We are headed to Kansas City for a tournament and will be staying downtown. Does anyone have a favorite restaurant? I keep hearing about the food and don’t want to end up at chains.
This one’s right in my wheelhouse, folks. I was born and raised in KC. My suggestions:
Michael Smith’s (James Beard award winner, nominated in 2009)
bluestem (best meal I’ve ever had in KC, another JB nom)
The Bristol (also in Power and Light, and OMG, the biscuits!!!)
Lidia’s Kansas City (Lidia Bastianich outpost in Union Station. So good).
Jack’s Stack (BBQ, baby. there’s one in Union Station, near you).
The Plaza is currently overrun with chains, but it’s still worth checking out. The American Restaurant in Crowne Center is also a favorite of many, but I found the dining room outdated and too formal for my taste).
I’ll let others get into the BBQ debate, if they wish (Arthur Bryants, Gates, and Oklahoma Joes are favorites). Any other suggestions?15 Comments »
Getting in and out of Nana for $20? That, friends, is a steal. This Friday, sip and nibble in the Hilton Anatole’s handsome bar 6-8pm at Nana’s new weekly Friday Night Flights event. This Friday’s pairings include marinated carrot salad/Olvena Chardonnay, mozzarella with confit grape tomatoes and olive oil croutons/Mazzoni Toscana Rossa, and white chocolate flan with mango granite and black olives/Two Hands “Angels Share” Shiraz.
A luxe car dealership workin’ Disher sends this email plea:
We are opening up a dealership in The Woodlands area of Houston and I was curious if you might have any insight into the dining scene there. We are looking for an awesome caterer/restaurant to do a welcome party for us.
I don’t know anything about Houston/The Woodlands. Help!5 Comments »
Several suburban Dishers who frequent the eateries at Watters Creek have reported almost empty restaurants at peak hours. Celebrity Bakery has closed. That makes me wonder why people stand in line to pay over $3.00 for a cupcake in Preston Center. It’s a crazy world.16 Comments »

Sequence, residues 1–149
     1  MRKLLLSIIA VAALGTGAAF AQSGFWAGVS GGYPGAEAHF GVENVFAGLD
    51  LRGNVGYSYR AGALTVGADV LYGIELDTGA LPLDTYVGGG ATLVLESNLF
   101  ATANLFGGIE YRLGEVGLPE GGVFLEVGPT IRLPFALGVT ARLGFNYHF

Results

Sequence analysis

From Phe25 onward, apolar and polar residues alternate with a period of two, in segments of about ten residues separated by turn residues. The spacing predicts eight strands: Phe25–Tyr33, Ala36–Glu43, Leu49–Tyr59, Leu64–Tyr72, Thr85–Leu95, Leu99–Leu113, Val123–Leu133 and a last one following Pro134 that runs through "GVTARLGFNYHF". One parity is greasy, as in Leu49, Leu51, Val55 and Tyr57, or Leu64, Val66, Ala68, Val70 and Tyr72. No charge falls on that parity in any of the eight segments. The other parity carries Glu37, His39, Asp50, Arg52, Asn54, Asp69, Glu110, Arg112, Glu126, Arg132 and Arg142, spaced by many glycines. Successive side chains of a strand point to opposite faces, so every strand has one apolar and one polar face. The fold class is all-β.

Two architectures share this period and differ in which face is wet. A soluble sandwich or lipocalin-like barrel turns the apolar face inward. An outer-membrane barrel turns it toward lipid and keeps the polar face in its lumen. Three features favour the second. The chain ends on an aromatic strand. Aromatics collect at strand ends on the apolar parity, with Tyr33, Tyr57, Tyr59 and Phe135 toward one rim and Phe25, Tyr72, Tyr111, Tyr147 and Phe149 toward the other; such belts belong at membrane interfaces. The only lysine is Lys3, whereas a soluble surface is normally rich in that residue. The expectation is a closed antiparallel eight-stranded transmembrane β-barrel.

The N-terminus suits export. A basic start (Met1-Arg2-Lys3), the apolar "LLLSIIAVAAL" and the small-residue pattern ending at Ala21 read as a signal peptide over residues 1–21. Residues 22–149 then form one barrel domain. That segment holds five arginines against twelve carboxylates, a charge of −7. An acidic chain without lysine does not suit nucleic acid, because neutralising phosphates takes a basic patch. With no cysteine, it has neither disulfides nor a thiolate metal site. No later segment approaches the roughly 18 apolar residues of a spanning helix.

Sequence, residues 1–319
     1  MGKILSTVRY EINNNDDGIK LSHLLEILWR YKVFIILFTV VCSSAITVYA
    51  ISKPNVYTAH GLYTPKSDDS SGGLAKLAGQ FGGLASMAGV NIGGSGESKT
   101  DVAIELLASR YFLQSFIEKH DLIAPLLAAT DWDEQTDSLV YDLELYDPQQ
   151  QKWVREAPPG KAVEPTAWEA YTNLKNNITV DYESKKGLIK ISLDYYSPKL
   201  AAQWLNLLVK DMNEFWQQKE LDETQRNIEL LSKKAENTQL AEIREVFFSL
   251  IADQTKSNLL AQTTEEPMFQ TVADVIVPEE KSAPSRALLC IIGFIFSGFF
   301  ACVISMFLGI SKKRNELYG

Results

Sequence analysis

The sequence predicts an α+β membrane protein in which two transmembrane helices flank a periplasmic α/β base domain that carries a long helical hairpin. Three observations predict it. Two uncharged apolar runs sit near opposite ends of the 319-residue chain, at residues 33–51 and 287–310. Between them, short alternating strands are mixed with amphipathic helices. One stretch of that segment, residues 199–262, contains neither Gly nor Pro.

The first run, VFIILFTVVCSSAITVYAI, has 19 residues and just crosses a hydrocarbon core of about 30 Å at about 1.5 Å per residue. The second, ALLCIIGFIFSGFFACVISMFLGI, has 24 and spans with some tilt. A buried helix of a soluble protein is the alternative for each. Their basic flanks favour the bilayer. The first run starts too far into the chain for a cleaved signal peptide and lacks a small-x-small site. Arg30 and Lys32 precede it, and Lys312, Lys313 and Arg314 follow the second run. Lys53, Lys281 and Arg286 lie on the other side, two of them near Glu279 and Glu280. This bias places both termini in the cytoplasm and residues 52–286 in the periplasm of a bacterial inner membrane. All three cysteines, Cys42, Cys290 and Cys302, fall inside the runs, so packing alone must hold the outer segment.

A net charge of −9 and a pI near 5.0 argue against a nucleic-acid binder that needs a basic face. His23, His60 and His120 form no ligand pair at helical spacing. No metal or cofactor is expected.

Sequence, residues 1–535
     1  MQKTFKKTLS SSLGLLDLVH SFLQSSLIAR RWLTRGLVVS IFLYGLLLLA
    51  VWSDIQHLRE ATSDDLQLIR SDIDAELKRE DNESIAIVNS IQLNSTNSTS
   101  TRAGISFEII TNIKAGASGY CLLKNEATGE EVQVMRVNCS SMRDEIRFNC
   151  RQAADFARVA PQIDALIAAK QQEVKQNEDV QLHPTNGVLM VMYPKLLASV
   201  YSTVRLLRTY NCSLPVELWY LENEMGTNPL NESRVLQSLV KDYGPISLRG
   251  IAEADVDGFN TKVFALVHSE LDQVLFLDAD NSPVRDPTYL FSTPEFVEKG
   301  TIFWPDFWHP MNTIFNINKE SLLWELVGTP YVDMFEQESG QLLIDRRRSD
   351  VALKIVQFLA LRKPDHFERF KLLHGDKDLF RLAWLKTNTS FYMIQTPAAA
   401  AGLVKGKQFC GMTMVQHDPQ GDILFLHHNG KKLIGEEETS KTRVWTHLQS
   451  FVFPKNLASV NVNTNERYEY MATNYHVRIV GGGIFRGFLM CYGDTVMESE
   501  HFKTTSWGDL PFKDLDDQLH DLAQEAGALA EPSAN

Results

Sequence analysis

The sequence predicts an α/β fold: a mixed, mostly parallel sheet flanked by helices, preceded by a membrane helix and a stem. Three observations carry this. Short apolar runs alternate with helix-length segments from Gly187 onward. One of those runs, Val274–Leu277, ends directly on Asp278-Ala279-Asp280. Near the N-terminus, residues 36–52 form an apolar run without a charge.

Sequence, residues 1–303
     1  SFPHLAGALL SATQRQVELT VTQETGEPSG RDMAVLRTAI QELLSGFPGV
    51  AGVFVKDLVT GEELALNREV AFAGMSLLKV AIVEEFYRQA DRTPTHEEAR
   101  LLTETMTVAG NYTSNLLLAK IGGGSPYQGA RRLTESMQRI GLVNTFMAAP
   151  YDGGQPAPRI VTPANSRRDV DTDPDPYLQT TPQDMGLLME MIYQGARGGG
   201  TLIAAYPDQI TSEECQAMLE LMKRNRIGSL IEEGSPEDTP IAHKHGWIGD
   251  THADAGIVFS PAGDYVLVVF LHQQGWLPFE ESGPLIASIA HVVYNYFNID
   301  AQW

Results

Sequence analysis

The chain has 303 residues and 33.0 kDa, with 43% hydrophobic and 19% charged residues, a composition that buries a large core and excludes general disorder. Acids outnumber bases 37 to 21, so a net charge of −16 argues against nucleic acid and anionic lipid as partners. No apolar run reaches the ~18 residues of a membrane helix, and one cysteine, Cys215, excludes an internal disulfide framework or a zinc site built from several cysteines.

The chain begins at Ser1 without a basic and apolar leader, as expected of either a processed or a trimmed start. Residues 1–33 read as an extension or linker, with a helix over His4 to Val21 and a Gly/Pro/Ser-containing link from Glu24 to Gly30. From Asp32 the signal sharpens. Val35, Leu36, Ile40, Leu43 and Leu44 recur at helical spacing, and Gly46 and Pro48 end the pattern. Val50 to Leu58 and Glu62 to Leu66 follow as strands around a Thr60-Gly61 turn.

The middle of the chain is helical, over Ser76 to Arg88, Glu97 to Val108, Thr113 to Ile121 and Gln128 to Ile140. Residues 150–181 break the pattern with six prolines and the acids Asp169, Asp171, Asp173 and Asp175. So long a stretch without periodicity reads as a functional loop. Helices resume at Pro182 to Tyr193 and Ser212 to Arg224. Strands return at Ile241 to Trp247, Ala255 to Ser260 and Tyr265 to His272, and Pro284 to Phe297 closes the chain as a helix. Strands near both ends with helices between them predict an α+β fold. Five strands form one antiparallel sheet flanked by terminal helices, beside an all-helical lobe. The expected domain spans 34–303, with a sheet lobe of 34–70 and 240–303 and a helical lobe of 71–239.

SURPRISE, Ariz.–SideDish is a food-oriented blog, so I won’t go into the finer points of Nolan Ryan’s baseball career. The other day I sat down with the retired hard-throwing right-handed pitcher to talk about something other than baseball. We talked about cows.
The eight-time MLB All-Star has been a rancher for most of his life. When he isn’t busy being the President of the Texas Rangers, he’s moving cattle on one of his two ranches. In between, he sits in a board room, discusses global meat markets, and makes decisions for his company Nolan Ryan’s Guaranteed Tender Beef.
SideDish: When you were playing baseball, did you dream of being a meat purveyor?
Nolan Ryan: I’ve been in the cattle business for 35 years. I guess I’ve had the meat company for—hey, don’t hold me to it, but it’s been about six or seven years. I can’t say I really thought about getting into the meat business. I was much more involved on a day-to-day basis, you know all the marketing, before this job (President of the Rangers) came along. So now I head down [to the ranch] when the team goes on the road.